10 Reasons to Buy the Amazon Echo Virtual Personal Assistant

 
 
By Don Reisinger  |  Posted 2016-02-09 Print this article Print
 
 
 
 
 
 
 
 
 
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    10 Reasons to Buy the Amazon Echo Virtual Personal Assistant
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    10 Reasons to Buy the Amazon Echo Virtual Personal Assistant

    Amazon, with its Echo virtual personal assistant, is taking on the likes of Apple Siri and Microsoft Cortana. Here's what sets the Echo apart from its rivals.
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    It Actually Looks Nice in a Room
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    It Actually Looks Nice in a Room

    Amazon designed the Echo to look good in a room. The device has a simple black finish with a colored ring at the top that lights up whenever it's interacting with the user. The Echo is a little over 9 inches tall and 3 inches wide, allowing it to be placed in just about any location in the home.
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    It's a Hardware-Based Virtual Personal Assistant
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    It's a Hardware-Based Virtual Personal Assistant

    Amazon Echo is a virtual personal assistant first. Users can ask it questions and get answers, learn about traffic along a busy route and find out what's on their schedule for the day. Alexa, the virtual assistant baked into Echo, will even perform a local search, so users can find information about nearby businesses and restaurants.
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    Application Support Is Growing
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    Application Support Is Growing

    Since Amazon released the Echo in November 2014, the company has done a fine job of adding more apps to its platform. Users can listen to songs from Pandora, audio books from Audible and their music playlists on Spotify. The Echo even supports a wide array of smart home apps. Best of all, Amazon plans to add even more apps as time goes on.
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    The Core Virtual Assistant App Is Improving
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    The Core Virtual Assistant App Is Improving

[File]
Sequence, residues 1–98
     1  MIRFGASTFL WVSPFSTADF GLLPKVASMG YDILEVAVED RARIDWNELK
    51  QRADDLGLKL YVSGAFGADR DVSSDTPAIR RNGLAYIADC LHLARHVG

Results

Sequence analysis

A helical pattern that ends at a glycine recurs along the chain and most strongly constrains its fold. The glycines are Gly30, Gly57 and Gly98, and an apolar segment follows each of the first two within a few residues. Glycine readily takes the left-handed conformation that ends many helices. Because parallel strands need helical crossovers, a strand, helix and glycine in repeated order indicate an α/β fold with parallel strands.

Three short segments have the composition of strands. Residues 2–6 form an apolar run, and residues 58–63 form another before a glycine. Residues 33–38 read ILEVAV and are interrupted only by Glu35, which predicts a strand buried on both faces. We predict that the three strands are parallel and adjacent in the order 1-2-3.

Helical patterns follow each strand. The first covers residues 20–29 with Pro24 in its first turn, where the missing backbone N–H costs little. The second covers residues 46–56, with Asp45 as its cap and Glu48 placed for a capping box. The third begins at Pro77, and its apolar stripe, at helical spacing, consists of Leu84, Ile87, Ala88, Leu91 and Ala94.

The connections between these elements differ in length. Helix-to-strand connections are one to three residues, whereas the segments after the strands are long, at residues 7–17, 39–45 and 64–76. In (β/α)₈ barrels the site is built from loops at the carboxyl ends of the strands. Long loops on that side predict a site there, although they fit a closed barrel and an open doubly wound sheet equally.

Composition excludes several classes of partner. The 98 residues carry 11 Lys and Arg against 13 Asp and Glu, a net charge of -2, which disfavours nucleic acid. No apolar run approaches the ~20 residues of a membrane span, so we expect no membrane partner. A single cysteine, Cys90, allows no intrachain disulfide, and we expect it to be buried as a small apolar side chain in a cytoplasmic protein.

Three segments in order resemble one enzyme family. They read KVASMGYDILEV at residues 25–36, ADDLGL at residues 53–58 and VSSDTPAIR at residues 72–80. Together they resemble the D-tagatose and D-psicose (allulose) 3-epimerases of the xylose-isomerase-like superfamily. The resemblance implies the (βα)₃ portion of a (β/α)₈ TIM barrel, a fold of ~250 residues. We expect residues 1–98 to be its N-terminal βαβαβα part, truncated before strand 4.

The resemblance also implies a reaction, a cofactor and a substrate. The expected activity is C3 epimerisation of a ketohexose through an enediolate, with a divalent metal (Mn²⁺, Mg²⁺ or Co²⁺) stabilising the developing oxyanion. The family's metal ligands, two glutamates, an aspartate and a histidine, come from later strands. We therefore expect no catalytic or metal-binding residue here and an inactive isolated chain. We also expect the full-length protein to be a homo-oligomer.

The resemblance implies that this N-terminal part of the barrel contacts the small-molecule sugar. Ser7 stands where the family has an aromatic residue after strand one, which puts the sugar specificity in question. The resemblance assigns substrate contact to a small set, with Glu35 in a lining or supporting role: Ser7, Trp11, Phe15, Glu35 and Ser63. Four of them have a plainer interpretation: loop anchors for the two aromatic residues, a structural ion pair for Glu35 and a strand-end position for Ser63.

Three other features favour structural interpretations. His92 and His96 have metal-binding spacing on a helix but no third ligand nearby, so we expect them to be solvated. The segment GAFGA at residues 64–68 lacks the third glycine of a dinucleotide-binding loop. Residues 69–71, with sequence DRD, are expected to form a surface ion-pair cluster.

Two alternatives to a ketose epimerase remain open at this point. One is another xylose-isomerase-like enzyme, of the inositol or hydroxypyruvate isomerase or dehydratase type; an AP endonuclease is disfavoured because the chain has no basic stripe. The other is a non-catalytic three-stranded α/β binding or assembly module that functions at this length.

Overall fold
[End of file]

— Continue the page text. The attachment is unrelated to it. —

Amazon Echo has been criticized for having a less-than-stellar companion app. That app, which is a free download to iOS and Android, is required to use Echo. It helps users set up the device and includes all of the features one would need, including controlling volume and launching apps. It's essentially the software-based way to interact with Echo for those who don't want to use their voices. In recent months, Amazon has improved it considerably, worked out some of the bugs that caused it to crash too often and made it easier to interact with the assistant. It's still not perfect, but it's become a nice alternative to voice for interacting with Echo. In fact, I often use it to boot up Pandora or find a playlist I want to hear.
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    The Alarm Clock Function Is Effective
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    The Alarm Clock Function Is Effective

    For folks looking for a different kind of alarm clock, the Amazon Echo is a great option. With a simple voice command, users can tell Alexa to set an alarm, eliminating the usual fumbling with settings on a smartphone, or regular old alarm clock or clock radio. In addition to alarms, the Echo can be used as a timer and will sound alerts for important events.
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    Audio Quality Is Solid
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    Audio Quality Is Solid